Investigating Electrostatic Interactions in Biomolecular Systems at the Nanoscale
Nanoscale characterization of electric charge and electric surface potentials in biomolecular systems is critical for understanding biomolecular interactions. Changes in surface potential dictate cellular-membrane transport and thus provide a crucial pathway for cells to interact with their environment. This project will focus on
investigating electrostatic interactions at biological surfaces using a scanning probe approach. Mapping electrostatic interactions in biological systems may provide a pathway to understand the role of charge in biological processes.
This interdisciplinary project will provide training in advanced ambient and liquid, structural and functional imaging using an atomic force microscope (AFM) and in biological sample preparation. The successful applicant will be
involved in the further development of advanced scanning probe techniques and novel shielded AFM probes and is expected to develop and publish their work and to present their work at national and international conferences. He/She will have access to state of the art AFMs, and will be expected to work closely with the Nanoscale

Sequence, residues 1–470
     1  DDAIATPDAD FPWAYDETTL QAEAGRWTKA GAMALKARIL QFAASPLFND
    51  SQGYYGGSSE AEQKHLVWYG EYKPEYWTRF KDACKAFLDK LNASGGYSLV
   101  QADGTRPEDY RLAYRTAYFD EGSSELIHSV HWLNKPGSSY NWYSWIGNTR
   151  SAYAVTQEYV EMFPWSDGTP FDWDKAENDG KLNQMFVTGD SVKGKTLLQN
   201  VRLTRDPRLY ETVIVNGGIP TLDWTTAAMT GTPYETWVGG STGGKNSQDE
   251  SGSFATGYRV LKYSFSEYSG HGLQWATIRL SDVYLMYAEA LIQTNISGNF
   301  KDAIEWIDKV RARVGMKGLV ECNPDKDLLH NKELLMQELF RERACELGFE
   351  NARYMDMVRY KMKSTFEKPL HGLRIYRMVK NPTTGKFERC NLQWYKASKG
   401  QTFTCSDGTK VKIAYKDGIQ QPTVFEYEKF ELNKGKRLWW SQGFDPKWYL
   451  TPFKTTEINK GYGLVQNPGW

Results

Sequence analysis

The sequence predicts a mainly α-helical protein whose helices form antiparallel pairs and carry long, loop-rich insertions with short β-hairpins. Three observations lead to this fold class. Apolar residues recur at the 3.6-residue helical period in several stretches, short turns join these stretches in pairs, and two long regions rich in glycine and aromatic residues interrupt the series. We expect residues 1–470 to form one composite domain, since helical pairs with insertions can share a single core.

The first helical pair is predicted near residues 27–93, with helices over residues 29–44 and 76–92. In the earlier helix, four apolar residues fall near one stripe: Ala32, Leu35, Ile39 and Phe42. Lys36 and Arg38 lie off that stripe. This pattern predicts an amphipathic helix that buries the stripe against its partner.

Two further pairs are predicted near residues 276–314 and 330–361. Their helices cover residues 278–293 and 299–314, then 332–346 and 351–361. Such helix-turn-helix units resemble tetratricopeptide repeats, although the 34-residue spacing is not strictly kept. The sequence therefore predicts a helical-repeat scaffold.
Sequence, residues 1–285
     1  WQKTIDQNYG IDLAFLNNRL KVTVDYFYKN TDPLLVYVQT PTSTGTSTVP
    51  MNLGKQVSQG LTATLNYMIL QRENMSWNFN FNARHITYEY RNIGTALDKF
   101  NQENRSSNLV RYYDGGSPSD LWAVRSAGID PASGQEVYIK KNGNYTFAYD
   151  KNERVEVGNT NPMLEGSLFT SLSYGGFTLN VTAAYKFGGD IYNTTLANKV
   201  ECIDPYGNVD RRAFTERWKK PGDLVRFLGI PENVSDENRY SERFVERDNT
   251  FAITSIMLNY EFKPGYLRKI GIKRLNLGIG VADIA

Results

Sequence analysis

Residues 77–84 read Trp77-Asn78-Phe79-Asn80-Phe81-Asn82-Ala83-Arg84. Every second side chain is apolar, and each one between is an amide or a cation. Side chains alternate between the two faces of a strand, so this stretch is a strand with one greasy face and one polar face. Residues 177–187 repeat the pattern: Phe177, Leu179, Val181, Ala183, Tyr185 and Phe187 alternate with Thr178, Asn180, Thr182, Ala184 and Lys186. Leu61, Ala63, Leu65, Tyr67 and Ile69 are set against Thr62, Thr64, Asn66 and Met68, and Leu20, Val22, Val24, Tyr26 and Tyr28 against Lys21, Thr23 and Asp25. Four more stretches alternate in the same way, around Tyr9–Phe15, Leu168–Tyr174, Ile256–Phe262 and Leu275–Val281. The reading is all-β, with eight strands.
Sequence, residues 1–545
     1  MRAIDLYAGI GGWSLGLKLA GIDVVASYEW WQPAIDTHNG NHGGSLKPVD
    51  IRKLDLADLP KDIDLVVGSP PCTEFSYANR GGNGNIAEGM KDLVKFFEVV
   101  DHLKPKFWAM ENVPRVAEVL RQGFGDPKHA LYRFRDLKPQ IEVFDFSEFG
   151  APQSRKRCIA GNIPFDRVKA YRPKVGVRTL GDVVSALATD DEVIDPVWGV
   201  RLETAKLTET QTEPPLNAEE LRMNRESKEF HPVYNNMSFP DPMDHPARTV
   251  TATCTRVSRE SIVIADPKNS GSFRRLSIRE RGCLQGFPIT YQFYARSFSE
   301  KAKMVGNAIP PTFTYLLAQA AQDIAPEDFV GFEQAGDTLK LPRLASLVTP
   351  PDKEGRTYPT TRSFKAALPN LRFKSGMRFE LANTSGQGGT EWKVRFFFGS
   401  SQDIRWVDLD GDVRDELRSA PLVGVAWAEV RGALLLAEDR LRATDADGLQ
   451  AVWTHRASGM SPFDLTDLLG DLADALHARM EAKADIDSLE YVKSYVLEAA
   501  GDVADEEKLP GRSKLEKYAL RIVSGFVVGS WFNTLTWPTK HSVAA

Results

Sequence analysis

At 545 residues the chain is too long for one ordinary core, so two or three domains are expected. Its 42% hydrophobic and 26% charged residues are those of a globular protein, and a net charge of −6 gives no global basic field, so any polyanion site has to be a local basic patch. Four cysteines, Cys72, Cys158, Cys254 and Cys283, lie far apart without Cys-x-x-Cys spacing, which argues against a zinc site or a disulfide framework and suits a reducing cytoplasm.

Function Group of Prof. Suzi Jarvis. Travel opportunities to interact with collaborating researchers and industrial partners are also envisaged.
Funding is available for up to 4 years and includes a stipend of €15k per annum, plus EU
Location: UCD Conway Institute of Biomolecular and Biomedical Research, Dublin, Ireland
Candidates should have or expect to obtain a first or upper second BSc (or equivalent) or
MSc in Physics, Materials Science, Biology, or a related area. Funding is restricted to EU applicants only.
Contact Details: Highly motivated individuals with an interest in probing the physics of biological surfaces at
the nanoscale should send a letter outlining why they are suitable for the post, along with a current CV
including the contact details of two academic referees by email to:
Dr. Brian Rodriguez
Lecturer in Nanoscience
Conway Institute of Biomolecular
and Biomedical Research
University College Dublin,
Belfield, Dublin 4, Irelandbrian.firstname.lastname@example.org://www.nanofunction.orgDeadline: Mar. 31, 2010PhD2010.pdf